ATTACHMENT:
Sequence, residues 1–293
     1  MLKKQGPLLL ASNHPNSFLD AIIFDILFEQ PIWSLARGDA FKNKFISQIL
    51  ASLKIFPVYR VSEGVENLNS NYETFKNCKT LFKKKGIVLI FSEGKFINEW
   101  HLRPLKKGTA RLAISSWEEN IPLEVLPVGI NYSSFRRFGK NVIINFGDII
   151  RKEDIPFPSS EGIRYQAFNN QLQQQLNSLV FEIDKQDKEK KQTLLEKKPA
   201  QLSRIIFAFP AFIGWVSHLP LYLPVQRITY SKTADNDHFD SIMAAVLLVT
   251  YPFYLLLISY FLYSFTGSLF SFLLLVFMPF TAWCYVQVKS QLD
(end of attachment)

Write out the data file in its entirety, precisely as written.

Sequence, residues 1–293
     1  MLKKQGPLLL ASNHPNSFLD AIIFDILFEQ PIWSLARGDA FKNKFISQIL
    51  ASLKIFPVYR VSEGVENLNS NYETFKNCKT LFKKKGIVLI FSEGKFINEW
   101  HLRPLKKGTA RLAISSWEEN IPLEVLPVGI NYSSFRRFGK NVIINFGDII
   151  RKEDIPFPSS EGIRYQAFNN QLQQQLNSLV FEIDKQDKEK KQTLLEKKPA
   201  QLSRIIFAFP AFIGWVSHLP LYLPVQRITY SKTADNDHFD SIMAAVLLVT
   251  YPFYLLLISY FLYSFTGSLF SFLLLVFMPF TAWCYVQVKS QLD